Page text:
Neil Gaiman and 'The Sandman' Cast Set the Scene for Potential Season 2 (Exclusive)

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The Sandman may have only premiered on Netflix last Friday, but fans are already looking to the future. It's no surprise considering that the 10-episode series is a long-awaited adaptation of Neil Gaiman's beloved comic book series that's finally arrived on the small screen after several failed attempts! And after an explosive season finale that leaves more problems than solutions, the biggest question that remains is, will there be a season 2? 

Nothing's been announced, and Gaiman played coy when ET posed the question to him and Sandman co-creator Allan Heinberg. But Heinberg teased that the "groundwork" has been set in case the opportunity for another installment arises.

"We're laying the groundwork in case we are asked to make one," he said. "How about that?"

Gaiman added, "We would love there to be a season 2... Right now, I love Sandman, Allan loves Sandman [and] David Goyer loves Sandman. We know the cast loves Sandman because they've seen it. I just ran into Stephen Fry and he told me how much he loves Sandman. Now, we need to see if that applies to the rest of the world or if it's just us."

It's a sentiment that the cast agrees with! Said star-studded cast includes Tom Sturridge as Dream, the titular Sandman, alongside Fry, Kirby Howell-Baptise, Gwendoline Christie, Vivienne Acheampong, Boyd Holbrook, Charles Dance, Asim Chaudhry, David Thewlis, Joely Richardson, Mason Alexander Park, and voice work from Patton Oswalt and Mark Hamill. 

"I hope everyone in the world watches season 1," Sturridge shared. "That is my hope and dream, and as far as season 2 goes, that's above our pay grade."

Fry has more specific hopes, sharing that if the series goes into season 2, he would prefer less fighting.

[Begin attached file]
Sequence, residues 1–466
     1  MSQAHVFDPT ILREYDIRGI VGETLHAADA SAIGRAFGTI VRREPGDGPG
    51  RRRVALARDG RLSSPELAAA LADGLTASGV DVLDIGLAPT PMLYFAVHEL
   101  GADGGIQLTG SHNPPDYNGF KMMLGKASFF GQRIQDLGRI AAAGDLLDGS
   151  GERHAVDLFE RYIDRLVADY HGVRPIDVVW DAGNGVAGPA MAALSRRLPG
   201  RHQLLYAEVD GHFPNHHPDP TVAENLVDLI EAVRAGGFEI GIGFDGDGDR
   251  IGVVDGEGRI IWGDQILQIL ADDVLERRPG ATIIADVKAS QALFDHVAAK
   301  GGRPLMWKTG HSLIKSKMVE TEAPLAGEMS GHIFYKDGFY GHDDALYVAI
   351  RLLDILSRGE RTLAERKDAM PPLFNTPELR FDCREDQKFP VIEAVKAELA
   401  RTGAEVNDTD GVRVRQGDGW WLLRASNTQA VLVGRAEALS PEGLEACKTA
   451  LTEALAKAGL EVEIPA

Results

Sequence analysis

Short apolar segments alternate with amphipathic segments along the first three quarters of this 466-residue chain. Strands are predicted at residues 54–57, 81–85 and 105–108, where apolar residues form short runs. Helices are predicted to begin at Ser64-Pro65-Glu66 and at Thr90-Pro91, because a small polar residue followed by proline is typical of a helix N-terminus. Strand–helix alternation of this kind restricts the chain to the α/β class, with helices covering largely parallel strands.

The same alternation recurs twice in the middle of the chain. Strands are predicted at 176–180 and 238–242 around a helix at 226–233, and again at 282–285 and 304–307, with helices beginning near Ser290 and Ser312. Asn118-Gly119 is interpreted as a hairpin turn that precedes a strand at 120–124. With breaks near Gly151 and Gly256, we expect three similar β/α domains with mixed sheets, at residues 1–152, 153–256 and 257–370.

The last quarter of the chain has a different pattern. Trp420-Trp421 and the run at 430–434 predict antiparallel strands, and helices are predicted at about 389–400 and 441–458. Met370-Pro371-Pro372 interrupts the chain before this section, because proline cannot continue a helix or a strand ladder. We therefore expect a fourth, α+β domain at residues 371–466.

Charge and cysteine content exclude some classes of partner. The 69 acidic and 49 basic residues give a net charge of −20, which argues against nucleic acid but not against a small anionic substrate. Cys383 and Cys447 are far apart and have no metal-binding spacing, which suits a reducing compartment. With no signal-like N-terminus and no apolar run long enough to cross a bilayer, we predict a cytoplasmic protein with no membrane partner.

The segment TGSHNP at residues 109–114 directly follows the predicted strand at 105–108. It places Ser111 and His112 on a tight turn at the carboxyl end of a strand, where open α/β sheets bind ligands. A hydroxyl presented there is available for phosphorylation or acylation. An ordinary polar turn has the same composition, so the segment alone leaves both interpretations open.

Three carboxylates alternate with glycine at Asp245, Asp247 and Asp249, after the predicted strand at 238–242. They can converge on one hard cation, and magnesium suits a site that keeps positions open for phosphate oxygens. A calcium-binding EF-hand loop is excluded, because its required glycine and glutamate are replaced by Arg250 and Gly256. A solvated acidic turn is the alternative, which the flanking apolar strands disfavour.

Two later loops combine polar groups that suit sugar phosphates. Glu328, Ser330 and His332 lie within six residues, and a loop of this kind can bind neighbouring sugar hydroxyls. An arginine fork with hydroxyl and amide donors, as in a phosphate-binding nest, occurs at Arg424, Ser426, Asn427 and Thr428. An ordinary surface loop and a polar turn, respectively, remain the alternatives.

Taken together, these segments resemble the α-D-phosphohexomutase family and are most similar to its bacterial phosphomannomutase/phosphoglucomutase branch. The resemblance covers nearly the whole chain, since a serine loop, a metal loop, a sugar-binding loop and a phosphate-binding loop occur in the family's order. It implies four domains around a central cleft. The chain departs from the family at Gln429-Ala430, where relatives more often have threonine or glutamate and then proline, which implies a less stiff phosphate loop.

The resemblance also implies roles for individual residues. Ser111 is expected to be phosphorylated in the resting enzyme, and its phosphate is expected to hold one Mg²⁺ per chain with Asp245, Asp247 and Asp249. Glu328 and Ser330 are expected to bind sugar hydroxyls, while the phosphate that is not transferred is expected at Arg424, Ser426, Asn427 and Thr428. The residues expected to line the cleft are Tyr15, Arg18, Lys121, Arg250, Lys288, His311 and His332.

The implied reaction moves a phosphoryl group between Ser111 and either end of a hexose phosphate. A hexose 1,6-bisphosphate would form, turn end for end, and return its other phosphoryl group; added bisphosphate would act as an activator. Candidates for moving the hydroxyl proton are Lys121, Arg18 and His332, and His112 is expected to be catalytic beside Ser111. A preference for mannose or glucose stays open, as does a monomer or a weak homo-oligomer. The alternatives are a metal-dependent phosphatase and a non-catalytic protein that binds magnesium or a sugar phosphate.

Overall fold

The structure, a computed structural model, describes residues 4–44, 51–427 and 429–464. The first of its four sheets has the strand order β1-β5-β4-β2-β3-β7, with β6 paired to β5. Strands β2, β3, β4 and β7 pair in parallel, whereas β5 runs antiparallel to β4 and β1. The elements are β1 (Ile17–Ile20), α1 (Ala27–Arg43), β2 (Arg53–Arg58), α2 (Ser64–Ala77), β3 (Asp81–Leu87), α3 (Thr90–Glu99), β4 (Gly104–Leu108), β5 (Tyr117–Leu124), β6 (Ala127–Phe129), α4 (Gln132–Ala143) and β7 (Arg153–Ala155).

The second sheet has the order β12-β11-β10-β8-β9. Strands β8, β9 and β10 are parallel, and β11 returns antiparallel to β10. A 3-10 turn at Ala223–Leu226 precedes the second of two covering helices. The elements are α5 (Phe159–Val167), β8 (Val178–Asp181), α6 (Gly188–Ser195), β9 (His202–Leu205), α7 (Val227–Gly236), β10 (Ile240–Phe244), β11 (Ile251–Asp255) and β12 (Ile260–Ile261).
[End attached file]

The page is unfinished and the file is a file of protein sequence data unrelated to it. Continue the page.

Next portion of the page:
"I always felt my stunt abilities are, I mean, he's got a sword-stick, but that's about the only thing," the actor joked. "Of course [getting renewed] would be a delight. Who knows what they all have in mind? But what we first hope is that it builds an audience and that people really get pleasure from it, and I think they will because it's unlike anything anyone's seen before."

Gaiman echoed Fry's attitude, saying, "Obviously, I want fans to have watched those first 10 episodes and to be satisfied with all of the twists and the turns in the plot and to actually understand what they've seen in ways that they might not have seen up to that point." 

"And I also want to set the scene for season 2 because in season 2, the Lucifer-Morpheus rematch is going to happen and it is going to be a stranger, darker, and much more disruptive Morpheus than anybody could possibly imagine who hasn't actually snuck out and read "Season of Mists" in the Sandman comics," he added.

"For me, the fact that people like Stephen... Stephen agreed to come on board and do this because he loves Sandman. And the fact that everywhere out there in the world, there are Sandman fans kind of allowed us to punch above our weight as a show," Gaiman shared. "We got people coming on board, we couldn't afford to pay them, but they turned up anyway because they're Sandman fans and they wanted to be part of this. We got people putting in time. I even heard recently that, which I hadn't known, that even some of the VFX people were going above and beyond on the VFX that we paid for, and they gave us something just a little bit better because they were Sandman fans and they wanted their work to be the best it possibly could be."

"[This story] hadn't been told before on television, and so many things have. People know what hospital dramas or legal dramas and things alike because they've seen them before. They've seen space operas. They've not seen Sandman, and the opportunity to actually do something completely new on television, it doesn't come along very often, and we've got to do it," Gaiman concluded. "And we got to do it for ourselves because we didn't know if anybody else was going to like it, but we knew we had to make something that we would love. And now, people are seeing the episodes, and the response is honestly actually kind of a bit overwhelming. And I feel like, 'OK, good. We made it for us, and they like it too.'"

The Sandman is streaming now on Netflix.

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